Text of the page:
It's really difficult to hear the difference between "des" and "les" especially in this case. I don't think it is just me, either...my french speaking wife couldnt hear it either...any one else have this problem??
To be able to hear any "s", you need that it is placed in front of a vowel.
In this example, there is no place for any liaison, so both "s" are obviously silent.
Here, the difference is to be heard in "des", which is a plural (would be "une" in the singular form).
Why does it translate "des" to only "some", I keep answering "des filles/des femmes" to "the girls/the women". Am I wrong??
Yes, you are wrong. "the" translates in "la/le/les" = definite article
My french to english larousse dictionary says "des" is a contraction of "du" and "les". Can you please explain why duolingo only translates "des" to "some"?
In English, you do not have many alternatives, in fact.
- "Some" is used for uncountable things, ie when you take a piece of (bread) or a portion of (soup, milk). In French, construction is preposition + article and the form changes with the noun used, in gender and in number.
ex: du lait (contraction of de-le), de la soupe, de l'eau (same as 'de la' but in front of a vowel).
- "Some" is also used for countable things, ie when you take 'a certain number' of things or people. In French, you will use the indefinite article "des" (which is masculine or feminine, and plural)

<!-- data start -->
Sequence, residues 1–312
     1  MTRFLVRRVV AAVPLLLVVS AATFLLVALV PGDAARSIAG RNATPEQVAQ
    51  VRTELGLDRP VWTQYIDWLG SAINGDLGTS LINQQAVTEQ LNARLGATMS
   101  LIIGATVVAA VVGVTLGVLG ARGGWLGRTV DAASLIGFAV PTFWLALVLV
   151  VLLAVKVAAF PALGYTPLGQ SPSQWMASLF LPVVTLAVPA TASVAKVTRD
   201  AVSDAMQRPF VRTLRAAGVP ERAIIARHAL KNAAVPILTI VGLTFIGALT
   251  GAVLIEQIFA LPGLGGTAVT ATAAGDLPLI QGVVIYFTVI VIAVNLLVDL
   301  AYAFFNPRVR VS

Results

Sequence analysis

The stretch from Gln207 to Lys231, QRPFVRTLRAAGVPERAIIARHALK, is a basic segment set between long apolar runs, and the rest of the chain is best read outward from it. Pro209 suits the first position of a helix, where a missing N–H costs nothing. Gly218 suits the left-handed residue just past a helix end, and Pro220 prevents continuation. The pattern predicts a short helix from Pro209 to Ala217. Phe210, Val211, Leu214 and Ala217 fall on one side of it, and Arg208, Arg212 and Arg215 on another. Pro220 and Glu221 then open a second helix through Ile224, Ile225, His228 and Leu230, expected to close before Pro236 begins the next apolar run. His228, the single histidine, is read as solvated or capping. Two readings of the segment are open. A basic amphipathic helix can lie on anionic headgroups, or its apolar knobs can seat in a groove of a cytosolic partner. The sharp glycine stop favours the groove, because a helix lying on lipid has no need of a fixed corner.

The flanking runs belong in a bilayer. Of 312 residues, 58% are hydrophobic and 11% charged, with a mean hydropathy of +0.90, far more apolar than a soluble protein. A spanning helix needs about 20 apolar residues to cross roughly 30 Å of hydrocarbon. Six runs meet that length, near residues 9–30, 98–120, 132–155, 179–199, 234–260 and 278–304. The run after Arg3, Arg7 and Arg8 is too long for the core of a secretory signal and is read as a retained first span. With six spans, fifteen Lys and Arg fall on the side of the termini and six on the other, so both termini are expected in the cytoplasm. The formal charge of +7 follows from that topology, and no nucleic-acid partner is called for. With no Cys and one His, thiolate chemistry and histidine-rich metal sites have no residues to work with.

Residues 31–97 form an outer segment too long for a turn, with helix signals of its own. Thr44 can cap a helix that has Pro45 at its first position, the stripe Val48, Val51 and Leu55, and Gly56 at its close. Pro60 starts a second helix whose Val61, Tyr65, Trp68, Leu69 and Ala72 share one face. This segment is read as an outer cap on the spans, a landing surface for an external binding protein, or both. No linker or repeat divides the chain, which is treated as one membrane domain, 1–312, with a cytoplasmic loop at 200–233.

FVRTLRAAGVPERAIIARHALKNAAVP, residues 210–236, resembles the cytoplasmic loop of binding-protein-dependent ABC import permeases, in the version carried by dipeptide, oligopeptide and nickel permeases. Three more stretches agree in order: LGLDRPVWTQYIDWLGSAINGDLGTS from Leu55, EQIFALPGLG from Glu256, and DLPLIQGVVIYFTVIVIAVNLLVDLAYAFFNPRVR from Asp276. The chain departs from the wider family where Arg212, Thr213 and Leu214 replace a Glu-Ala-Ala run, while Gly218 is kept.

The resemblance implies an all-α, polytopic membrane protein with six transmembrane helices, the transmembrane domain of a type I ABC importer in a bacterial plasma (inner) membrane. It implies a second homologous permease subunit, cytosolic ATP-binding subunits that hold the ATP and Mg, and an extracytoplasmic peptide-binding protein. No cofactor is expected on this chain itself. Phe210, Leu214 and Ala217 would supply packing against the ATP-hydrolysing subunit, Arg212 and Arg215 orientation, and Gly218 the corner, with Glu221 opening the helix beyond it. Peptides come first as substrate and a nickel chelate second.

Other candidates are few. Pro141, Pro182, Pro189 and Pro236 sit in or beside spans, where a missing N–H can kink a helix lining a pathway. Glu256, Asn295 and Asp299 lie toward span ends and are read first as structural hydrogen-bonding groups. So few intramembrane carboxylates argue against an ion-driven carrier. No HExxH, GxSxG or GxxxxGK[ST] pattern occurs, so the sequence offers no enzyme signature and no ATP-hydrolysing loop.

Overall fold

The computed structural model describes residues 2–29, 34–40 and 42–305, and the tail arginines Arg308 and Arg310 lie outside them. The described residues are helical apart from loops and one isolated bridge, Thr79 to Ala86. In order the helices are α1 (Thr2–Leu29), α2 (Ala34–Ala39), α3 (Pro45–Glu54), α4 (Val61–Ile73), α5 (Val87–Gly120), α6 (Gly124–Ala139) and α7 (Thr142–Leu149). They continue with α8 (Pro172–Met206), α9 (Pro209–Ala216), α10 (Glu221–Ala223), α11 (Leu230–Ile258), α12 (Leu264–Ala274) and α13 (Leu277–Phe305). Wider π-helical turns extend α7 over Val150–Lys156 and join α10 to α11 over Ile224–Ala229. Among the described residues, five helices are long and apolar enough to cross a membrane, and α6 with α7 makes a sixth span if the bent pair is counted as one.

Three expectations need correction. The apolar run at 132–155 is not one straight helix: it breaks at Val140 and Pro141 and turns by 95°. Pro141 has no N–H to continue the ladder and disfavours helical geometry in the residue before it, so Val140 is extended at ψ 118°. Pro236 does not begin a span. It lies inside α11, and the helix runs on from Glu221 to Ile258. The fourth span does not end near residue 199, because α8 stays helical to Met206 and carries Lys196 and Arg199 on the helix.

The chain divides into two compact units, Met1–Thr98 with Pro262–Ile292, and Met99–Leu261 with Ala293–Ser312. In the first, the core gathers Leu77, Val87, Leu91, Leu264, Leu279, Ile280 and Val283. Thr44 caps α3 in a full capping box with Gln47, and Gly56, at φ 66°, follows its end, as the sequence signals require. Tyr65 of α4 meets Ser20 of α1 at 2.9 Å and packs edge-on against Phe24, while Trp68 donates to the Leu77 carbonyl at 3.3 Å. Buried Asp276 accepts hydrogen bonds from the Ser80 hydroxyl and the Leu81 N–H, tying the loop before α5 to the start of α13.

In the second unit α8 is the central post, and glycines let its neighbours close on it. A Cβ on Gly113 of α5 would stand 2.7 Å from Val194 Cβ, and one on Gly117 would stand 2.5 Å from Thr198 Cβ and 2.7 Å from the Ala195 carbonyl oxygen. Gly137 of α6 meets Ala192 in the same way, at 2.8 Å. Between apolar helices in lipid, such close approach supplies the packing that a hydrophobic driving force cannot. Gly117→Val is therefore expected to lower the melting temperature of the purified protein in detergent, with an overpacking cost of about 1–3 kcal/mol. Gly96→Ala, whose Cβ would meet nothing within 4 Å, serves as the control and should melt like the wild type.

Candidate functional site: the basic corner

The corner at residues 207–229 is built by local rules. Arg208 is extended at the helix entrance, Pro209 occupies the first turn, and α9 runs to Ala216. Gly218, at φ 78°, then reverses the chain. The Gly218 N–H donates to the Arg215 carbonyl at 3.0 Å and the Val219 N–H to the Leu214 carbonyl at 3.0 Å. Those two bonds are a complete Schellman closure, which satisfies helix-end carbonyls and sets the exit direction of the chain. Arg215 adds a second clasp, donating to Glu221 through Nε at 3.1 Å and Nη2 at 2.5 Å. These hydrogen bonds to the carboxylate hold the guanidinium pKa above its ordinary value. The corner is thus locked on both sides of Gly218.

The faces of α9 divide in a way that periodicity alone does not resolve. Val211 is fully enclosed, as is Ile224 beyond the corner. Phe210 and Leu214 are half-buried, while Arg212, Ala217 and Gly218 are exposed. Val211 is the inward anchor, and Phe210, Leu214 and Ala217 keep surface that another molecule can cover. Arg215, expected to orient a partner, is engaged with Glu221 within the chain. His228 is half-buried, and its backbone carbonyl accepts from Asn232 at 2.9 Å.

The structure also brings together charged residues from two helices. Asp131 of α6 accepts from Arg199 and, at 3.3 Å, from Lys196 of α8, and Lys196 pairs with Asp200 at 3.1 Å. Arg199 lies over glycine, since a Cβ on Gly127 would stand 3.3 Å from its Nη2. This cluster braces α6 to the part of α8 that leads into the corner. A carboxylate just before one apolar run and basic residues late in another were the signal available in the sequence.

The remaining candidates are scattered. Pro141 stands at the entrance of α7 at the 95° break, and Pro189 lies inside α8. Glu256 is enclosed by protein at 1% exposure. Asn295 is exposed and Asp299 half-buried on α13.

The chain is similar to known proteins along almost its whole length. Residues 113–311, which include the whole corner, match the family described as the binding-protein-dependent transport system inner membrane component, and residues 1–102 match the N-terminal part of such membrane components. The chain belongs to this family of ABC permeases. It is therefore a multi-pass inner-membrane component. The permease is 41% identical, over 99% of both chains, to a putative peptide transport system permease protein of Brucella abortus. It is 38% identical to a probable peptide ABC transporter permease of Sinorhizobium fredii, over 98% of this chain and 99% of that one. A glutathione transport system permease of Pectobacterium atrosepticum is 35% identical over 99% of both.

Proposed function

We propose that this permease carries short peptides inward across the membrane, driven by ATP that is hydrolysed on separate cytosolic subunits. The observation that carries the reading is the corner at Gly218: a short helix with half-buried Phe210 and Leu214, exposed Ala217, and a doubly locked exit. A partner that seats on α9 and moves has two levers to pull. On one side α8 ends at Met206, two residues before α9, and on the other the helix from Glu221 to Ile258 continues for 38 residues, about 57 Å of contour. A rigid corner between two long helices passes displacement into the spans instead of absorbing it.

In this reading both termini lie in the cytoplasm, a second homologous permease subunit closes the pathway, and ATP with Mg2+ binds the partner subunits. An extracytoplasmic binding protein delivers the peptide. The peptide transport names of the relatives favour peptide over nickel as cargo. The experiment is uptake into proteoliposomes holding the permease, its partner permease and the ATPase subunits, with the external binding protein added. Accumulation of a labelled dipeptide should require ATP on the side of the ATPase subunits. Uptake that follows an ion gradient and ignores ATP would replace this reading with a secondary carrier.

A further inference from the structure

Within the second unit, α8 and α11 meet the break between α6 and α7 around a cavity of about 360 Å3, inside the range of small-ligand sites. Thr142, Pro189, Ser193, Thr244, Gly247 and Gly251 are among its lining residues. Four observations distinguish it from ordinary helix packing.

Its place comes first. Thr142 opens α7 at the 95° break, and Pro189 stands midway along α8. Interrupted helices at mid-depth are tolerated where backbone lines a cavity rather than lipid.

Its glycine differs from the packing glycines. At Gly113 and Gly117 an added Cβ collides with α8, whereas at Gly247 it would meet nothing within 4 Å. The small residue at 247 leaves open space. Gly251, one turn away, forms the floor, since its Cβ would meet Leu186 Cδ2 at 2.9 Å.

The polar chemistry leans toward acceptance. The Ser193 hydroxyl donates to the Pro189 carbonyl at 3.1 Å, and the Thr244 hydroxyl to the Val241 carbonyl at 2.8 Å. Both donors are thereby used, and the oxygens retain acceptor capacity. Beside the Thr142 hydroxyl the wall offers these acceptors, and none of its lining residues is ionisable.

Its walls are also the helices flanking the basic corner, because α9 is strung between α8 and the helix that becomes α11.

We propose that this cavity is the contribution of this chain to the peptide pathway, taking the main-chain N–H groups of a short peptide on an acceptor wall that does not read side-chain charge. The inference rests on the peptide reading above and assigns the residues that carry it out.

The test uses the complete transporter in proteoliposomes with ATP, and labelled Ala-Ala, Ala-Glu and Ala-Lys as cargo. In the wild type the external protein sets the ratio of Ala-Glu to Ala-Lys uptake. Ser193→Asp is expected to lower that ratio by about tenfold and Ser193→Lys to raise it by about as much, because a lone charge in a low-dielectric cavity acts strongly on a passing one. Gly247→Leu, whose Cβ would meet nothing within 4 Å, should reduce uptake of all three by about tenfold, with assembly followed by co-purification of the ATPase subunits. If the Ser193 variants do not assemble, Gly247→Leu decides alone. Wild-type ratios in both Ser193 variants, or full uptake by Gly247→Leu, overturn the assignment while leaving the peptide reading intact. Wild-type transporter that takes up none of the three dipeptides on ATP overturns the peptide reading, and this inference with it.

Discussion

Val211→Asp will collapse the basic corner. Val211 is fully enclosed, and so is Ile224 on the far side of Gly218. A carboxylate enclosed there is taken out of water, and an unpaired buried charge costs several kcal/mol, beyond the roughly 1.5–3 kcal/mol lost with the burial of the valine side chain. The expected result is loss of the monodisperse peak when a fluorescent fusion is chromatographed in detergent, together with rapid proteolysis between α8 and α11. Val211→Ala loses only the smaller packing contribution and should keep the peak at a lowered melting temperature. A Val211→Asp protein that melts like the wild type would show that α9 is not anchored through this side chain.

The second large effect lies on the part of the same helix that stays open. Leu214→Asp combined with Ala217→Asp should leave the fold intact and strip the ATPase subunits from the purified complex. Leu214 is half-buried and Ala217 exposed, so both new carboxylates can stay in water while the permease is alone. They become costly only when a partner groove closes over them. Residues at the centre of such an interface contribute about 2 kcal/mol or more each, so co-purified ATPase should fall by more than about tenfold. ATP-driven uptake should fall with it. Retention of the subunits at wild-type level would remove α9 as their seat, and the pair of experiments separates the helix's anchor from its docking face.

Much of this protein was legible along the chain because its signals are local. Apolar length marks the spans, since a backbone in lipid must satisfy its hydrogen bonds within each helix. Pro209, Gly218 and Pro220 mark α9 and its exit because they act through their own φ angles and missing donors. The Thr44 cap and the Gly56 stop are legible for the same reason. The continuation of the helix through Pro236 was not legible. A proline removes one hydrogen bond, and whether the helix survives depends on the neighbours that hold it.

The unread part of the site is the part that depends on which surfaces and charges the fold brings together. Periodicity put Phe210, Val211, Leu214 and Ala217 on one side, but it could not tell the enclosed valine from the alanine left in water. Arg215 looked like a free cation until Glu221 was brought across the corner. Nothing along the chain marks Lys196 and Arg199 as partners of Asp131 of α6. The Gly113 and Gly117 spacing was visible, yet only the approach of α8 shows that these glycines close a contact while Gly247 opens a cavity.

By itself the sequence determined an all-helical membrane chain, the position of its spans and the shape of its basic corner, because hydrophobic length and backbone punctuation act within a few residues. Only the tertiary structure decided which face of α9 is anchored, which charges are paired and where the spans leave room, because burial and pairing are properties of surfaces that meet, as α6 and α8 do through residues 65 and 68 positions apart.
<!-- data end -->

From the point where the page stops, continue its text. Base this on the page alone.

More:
ex: il mange des bananes (he eats some bananas or he eats bananas); il voit des canards (he sees some ducks); elle parle avec des amis (she talks with some friends).
Thank you for your support! Now, if you are looking at a group of ducks, either you consider that you have a certain number of ducks in front of you and you say "je vois des canards" (some) or you want to distinguish them from, let's say swans also swimming there, and you say "je vois les canards" (the). To sum it up, it is very much a matter of context and of your intention at a certain time.
Sitesurf, first of all thank you. I see you helping in most of these questions. Question here. I get the eating 'some', or seeing 'some' and using the 'du' form........but........if you are looking at a group of ducks......aren't you seeing THE ducks, the ducks right there in front of you and not just 'some' ducks? So should it not be 'Il voit les canards'?
what is the trick for telling the difference between singular and plural when the words are spoken? It sounds like all the s's (all plurality) is silent when spoken.
Determiners and conjugations are usually different in singular and plural.
Why is the translation 'the boys' for 'des garcons' correct but when I write 'the girls' as a translation for 'des filles' it´s suddenly 'some girls'?
Unless there is a mistake in the program, you should not confuse "les" and "des".
"des filles boivent" = (some) girls drink milk = plural of "une fille" "des garçons boivent" = (some) boys drink milk = plural of "un garçon"
"le chien des garçons et des filles" = the boys' and girls' dog (lit. the dog of the boys and the girls) = possessive case where "des" is the contraction of preposition "de" + definite article "les"
Les filles = The girls and Des filles = some girls?
Did I understand that correctly?
The girls = les filles (always)
and "des filles" = some girls (plural of one girl) or "of the girls" (possessive meaning)